H concentration caused an inward current. The magnitude of this current was greater
in AtGAT1-expressing cells, suggesting that AtGAT1 may sustain an H leak in the
absence of GABA. The lack of a specific inhibitor of AtGAT1 did not allow us to examine
this feature further. At high H concentration, addition of GABA (1 mM) to the bathing
medium of AtGAT1-expressing cell caused an inward current (180 nA). The GABAevoked current reached a peak followed by slow decay. No GABA-evoked currents were
observed in control oocytes.
FIGURE 5. Kinetics of GABA transport. A, GABA-induced currents are plotted as a function of the external GABA concentration ([H]out 10 M and Vm 50 mV). B, voltage
dependence of K0.5
GABA at 10 M [H]out. C, voltage dependence of Imax
GABA at 10 M [H]out.
D, GABA-induced currents (1 mM) as a function of the external H concentration (Vm 50
mV). A–D, values represent the mean  S.E. of three experiments.
AtGAT1, a High Affinity GABA Transporter of Arabidopsis
binding site of AtGAT1. However, these competition studies do not
reveal whether a tested compound is in fact a transported substrate of
AtGAT1. Thus, to further examine the substrate selectivity of AtGAT1,
electrophysiological assays were performed (Fig. 6). GABA, GABA analogs, and other substrates were applied at a concentration of 1 mM,
whereas [H]out was 10 M and Vm was 50 mV (Fig. 6). An inward
current evoked by a substrate was taken as H-driven, AtGAT1-mediated substrate translocation into the cell. L-Alanine, -aminobutyric
acid, and -alanine, which only weakly competed for GABA uptake in
S. cerevisiae (see Fig. 3C), induced inward currents comparable in magnitude with that induced by GABA. Other GABA-related compounds
with longer carbon chains, such as 5-aminovaleric acid, 6-aminocaproic
acid, and 8-aminocaprylic acid, were also good substrates. Interestingly,
the current induced by butylamine, which lacks the carboxyl group, was
similar to that induced by GABA. None of these substrates induced
currents in control oocytes.
Similar to competition experiments using S. cerevisiae, D- and L-proline as well as glycine betaine and choline were not recognized as substrates (see Figs. 3C and 6). In addition, substrates of the GABA shunt
(succinate and glutamate) did not induce currents in AtGAT1-expressing oocytes. Moreover, trigonelline, a betaine present at high concentrations in many legume seeds (44), and the amino acids histidine, glutamine, and norvaline were not transported. The rigid GABA analog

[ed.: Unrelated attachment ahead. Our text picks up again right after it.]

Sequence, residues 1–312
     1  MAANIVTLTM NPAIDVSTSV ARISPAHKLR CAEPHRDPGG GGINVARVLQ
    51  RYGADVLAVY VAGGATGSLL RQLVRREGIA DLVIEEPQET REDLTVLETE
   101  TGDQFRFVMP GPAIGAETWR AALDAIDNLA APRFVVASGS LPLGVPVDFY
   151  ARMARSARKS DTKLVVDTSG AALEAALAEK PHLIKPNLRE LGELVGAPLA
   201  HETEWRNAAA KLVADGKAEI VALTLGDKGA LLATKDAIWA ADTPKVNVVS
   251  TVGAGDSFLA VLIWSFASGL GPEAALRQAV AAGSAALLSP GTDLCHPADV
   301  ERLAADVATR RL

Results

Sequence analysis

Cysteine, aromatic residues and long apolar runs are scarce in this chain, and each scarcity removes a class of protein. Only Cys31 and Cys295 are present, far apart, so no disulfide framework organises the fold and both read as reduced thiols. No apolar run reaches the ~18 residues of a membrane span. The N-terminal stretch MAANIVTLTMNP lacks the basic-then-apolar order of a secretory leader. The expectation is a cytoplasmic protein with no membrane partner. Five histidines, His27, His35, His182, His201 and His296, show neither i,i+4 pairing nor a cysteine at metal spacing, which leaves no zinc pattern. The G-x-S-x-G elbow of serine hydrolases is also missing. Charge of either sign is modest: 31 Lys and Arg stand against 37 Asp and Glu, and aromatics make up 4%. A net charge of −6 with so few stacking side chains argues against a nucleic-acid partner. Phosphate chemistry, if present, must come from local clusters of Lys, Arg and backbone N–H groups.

nipecotic acid and the amino sulfonate taurine, both substrates of neuronal GABA transporters in mouse (mGAT3 and mGAT4) (2, 45, 46),
did not induce currents in AtGAT1-expressing oocytes.
We reasoned that the compounds that did not compete for GABA
uptake in S. cerevisiae but induced currents in AtGAT1-expressing
oocytes were low affinity substrates of AtGAT1. Thus, we determined
the affinity of AtGAT1 for various substrates. Substrate-induced currentsweremeasured during applications of substrates at concentrations
between 5 M and 100 mM. Currents were plotted against the substrate
concentration, and curves were fitted to Equation 1. The apparent affinity of AtGAT1 for individual substrates varied by a factor of 1000 (Table
1). AtGAT1 showed the highest affinity for butylaminewith aK0.5 2-fold
lower than that for GABA. Moving the amino group closer to the carboxyl group (such as in -aminobutyric acid and -aminobutyric acid)
progressively reduced the apparent affinity (see Table 1). Increasing the
carbon chain backbone from GABA to 8-aminocaprylic acid only marginally affected the K0.5 values (30–80 M). In addition, 5-aminolevulinic acid was transported with an affinity comparable with that of
GABA. Reducing the carbon chain length (e.g. -alanine) resulted in a
much lower substrate affinity (K0.5 200M). A similar affinity was determined for 4-aminophenylacetic acid, a peptide mimic lacking a peptide
bond (47). For compounds with even shorter carbon chains (i.e. L-alanine), the affinity dropped even further. The apparent affinity for L-glycine and L--aminobutyric acid, which had been shown to induce
currents in AtGAT1-expressing oocytes (Fig. 6), as well as for L-2,4diaminobutyric acid and the dipeptide glycyl-glycine, was
10 mM.
Although the K0.5 values of the different substrates varied considerably,